Dance

An ode to the Reclining Lord

Pavitra Bhat   | Photo Credit: Special Arrangement

Pavitra Bhat is always on his feet — dancing at various national and international venues, training and getting trained, driven by a deep-rooted passion for Bharatanatyam. The recent grand premier of his new venture ‘Shri Ranga — The Reclining Lord’ at Swatantrya Veer Savarkar auditorium drew a full house.

The solo presentation was from the point of view of a devotee who comes to Srirangam to have a darshan of Ranganatha. He bathes in the holy Cauvery to sanctify his body and mind. The Kaveri Prarthana with swaravalis describing the scenic beauty and fertility of the river set the tone. In sequel was the Vedic chanting from Narayana Upanishad by pilgrims, whom the devotee joins in his spiritual sojourn.

‘Sudaroli parandana’ from Divya Prabandham implores the Lord to wake up. The moon is setting and stars are fading and the sun, as bright as the Sudarshan Chakra, is rising. Then followed the pasuram “Pachhai maa malai pol meni,” dedicated to Ranganatha.

Geometric movements

The devotee meets Garuda who extols Vishnu. The energetic Garuda Kauthuvam with novel geometric movements and formations received approbation. Pasuram “Kuda disai mudi vaithu” posed many questions. To the West is Sesha Sayana’s curly haired head; to the East are his lotus feet; his huge back is towards North. Why is his countenance towards South facing Lanka?

The famous Rangapuravihara was deployed from the Anupallavi ‘Angada Janaka Deva,’ with a Trikala Jati in Rupakam. The story woven through the sancharis was about the Ranganatha idol. An exclusive idol is given by Vishnu himself to Sun God, from the Sun clan to Dasaratha, worshipped by Rama and gifted by Rama to Vibheeshana with the diktat to carry it to Lanka for installation, without putting it down. A deva disguised as a cowherd offers to hold the idol while Vibheeshana performs his Sandhyavandanam but puts it down, and the idol gets fixed, never to be moved. Vibheeshana laments and to soothe him Rama says the deity’s eyes will be fixed on Lanka. That’s why Ranganatha’s face is turned towards South, bestowing his benign gaze on Lanka.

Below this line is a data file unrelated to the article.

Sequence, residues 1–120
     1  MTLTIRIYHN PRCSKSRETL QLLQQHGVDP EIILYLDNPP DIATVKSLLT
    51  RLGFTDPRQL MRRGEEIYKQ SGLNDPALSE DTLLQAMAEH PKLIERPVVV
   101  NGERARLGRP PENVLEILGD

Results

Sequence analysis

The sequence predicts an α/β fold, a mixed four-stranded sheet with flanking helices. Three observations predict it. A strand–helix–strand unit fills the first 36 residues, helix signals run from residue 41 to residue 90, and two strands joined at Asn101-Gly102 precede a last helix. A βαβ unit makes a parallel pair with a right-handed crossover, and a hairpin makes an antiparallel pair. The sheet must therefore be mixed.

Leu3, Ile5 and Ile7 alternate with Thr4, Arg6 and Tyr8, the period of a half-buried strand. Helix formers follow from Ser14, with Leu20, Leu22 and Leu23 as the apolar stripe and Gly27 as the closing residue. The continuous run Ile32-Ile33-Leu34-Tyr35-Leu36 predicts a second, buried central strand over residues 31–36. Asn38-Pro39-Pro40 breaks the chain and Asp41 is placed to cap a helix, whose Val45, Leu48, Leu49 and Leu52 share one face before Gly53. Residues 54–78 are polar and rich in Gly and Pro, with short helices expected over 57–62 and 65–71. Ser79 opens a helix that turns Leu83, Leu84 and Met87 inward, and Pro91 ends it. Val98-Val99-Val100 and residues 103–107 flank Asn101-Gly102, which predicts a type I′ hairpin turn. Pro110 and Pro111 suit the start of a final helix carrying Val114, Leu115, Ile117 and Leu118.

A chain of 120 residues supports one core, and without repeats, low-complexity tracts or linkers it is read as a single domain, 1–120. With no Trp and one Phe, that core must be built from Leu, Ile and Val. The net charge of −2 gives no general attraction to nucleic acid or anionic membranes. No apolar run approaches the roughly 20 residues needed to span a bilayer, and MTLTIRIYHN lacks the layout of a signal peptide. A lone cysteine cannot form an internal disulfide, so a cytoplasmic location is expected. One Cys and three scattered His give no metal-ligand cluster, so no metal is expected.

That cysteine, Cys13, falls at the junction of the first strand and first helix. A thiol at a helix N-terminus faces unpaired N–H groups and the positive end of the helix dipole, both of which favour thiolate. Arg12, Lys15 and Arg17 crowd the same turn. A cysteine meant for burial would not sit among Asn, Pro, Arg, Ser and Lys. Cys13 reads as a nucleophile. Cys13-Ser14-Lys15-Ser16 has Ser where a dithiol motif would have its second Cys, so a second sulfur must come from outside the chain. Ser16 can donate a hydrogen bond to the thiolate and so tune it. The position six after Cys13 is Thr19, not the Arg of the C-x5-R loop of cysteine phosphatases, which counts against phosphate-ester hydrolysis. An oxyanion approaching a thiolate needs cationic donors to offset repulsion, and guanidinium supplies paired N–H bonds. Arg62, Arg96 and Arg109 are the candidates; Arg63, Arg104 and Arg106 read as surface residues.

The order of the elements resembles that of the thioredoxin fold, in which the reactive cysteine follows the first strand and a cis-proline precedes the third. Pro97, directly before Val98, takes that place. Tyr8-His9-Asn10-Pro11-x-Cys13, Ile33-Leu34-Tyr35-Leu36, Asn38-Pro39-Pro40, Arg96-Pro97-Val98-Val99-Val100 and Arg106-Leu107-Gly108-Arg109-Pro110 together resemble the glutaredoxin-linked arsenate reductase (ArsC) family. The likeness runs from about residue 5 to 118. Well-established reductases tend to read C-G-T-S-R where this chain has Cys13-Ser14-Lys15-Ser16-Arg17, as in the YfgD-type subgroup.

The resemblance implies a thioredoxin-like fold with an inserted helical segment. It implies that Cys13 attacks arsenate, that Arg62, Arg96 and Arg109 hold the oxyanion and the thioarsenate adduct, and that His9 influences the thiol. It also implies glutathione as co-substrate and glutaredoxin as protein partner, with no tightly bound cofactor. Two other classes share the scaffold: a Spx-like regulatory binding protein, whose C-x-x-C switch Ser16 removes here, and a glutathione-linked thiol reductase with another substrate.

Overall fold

In the pallavi after the charanam there was ample scope for nritta with the devotee-dancer entering the temple through the many gopurams. The temple procession using the majestic mallari format and the lyrics of Ramanujar on consort Ranganayaki celebrated the consecration.

In ‘Vadinen’, the devotee having imbibed the Ashtakshara mantram wants to merge with the Lord. A brief tillana incorporated elements of phala shruti, Ranganathashtam with sahityam venerating Ranga as Kamaladwaja, Trailokyaraja and so on. The pre-recorded music, special effects and suitable lighting added to the research, concept, choreography and performance by Pavitra Bhat.

The dancer had sourced guidance from various cities for this production: concept: Dr. Malati Agneeswaran, Mumbai, music score: Dr. S. Vasudevan, Delhi, and Garuda Kauthuvam: Ramachandra Murlidharan, Chennai, special effects: D.V. Prasannakumar and recording with Chennai orchestra (Nattuvangam by D.V. Prasannakumar, vocal by G. Srikant, percussion by Haribabu and N.P. Kesavan, flute by Shrutisagar and violin by K.P. Nandini).

“The reclining form of Lord Vishnu has always attracted me since boyhood. My recent visit to the temple and hearing the sthala purana inspired me further and this production happened,” says Bhat.

The prolonged standing ovation at the end of the program summed it all up.

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Printable version | Apr 21, 2021 4:26:15 PM | https://www.thehindu.com/entertainment/dance/pavitra-bhats-shri-ranga-that-premiered-in-mumbai-recently-got-a-standing-ovation/article19471465.ece

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